In an effort to jump-start stalled financial reform legislation, a key House Republican offered Wednesday to back off his plan to limit new national bank powers.

Rep. Michael G. Oxley, chairman of the House Commerce Committee's finance subcommittee, agreed to let national banks underwrite securities through direct subsidiaries.

The House Banking Committee approved legislation last year that would let bank subsidiaries engage in securities activities, but the Commerce Committee took a stricter stance that would have precluded securities underwriting.

This is the second compromise offer from the commerce panel this month, yet critics are skeptical that it is enough to clear the bill's way.

"Rep. Oxley deserves credit for trying to work out a compromise," said Treasury Under Secretary John D. Hawke Jr. "This unfortunately falls short on a number of scores."

For example, the Treasury Department will not support any legislation that prohibits bank operating subsidiaries from offering any product or service that can be sold by a subsidiary of a bank holding company, he explained.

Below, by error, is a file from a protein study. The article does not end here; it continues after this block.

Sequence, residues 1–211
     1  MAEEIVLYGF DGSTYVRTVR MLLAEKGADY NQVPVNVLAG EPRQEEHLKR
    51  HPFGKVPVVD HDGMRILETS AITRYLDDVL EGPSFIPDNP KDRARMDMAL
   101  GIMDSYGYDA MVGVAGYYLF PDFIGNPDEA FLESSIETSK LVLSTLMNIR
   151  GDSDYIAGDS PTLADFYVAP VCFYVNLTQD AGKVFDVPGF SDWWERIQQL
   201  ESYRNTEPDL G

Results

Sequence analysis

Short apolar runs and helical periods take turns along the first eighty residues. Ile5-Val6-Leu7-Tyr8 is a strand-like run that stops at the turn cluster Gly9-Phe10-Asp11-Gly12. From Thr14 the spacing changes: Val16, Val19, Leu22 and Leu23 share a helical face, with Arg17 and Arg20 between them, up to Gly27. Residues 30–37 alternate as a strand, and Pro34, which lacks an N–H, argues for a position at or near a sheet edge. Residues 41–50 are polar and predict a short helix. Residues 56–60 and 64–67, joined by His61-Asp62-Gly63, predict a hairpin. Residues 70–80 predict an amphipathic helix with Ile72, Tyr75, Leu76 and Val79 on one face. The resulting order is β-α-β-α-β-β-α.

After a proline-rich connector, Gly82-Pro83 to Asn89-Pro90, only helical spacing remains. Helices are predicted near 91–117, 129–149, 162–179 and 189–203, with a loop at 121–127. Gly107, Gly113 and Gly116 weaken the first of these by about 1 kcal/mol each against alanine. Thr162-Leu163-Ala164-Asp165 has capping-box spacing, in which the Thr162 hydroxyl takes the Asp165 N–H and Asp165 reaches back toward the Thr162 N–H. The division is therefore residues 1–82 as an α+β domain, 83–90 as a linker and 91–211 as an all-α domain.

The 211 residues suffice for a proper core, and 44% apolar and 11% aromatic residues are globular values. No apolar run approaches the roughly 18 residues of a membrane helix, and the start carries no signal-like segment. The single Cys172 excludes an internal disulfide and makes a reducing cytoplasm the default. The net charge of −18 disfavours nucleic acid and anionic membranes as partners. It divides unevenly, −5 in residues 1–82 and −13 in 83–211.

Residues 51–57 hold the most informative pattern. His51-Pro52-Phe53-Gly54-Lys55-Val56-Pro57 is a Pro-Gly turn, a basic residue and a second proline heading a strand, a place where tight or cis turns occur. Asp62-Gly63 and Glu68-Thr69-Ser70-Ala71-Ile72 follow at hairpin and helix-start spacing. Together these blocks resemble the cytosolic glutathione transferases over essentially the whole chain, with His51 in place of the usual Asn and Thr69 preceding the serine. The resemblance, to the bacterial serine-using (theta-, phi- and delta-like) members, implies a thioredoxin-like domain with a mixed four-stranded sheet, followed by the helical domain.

To placate securities and insurance companies, Rep. Oxley's plan would guarantee the opportunity to challenge in court the federal government's granting of new powers for operating subsidiaries.

Features already in both the Banking and Commerce versions of the bill are retained by the Oxley plan. For example, bank subsidiaries could sell insurance but would be banned from insurance underwriting, merchant banking, and real estate development.

Reaction from the banking industry was unenthusiastic because the Office of the Comptroller of the Currency is expected to grant subsidiaries more powers.

Edward L. Yingling, chief lobbyist for the American Bankers Association, called the proposal "an improvement" but said it falls short of the ABA's criteria for support.

"We believe that national banks should be able to offer all financial services through operating subsidiaries," he said in a written statement.

Others reacted positively. Banks should find the plan "very attractive" because it lets the OCC authorize new powers for subsidiaries and lets insurance and securities companies oppose the agency in court, said Samuel J. Baptista, president of the Financial Services Council.

People key to the debate-Banking Committee Chairman Jim Leach and Comptroller Eugene A. Ludwig-declined to comment, saying they have not had enough time to review the proposal.

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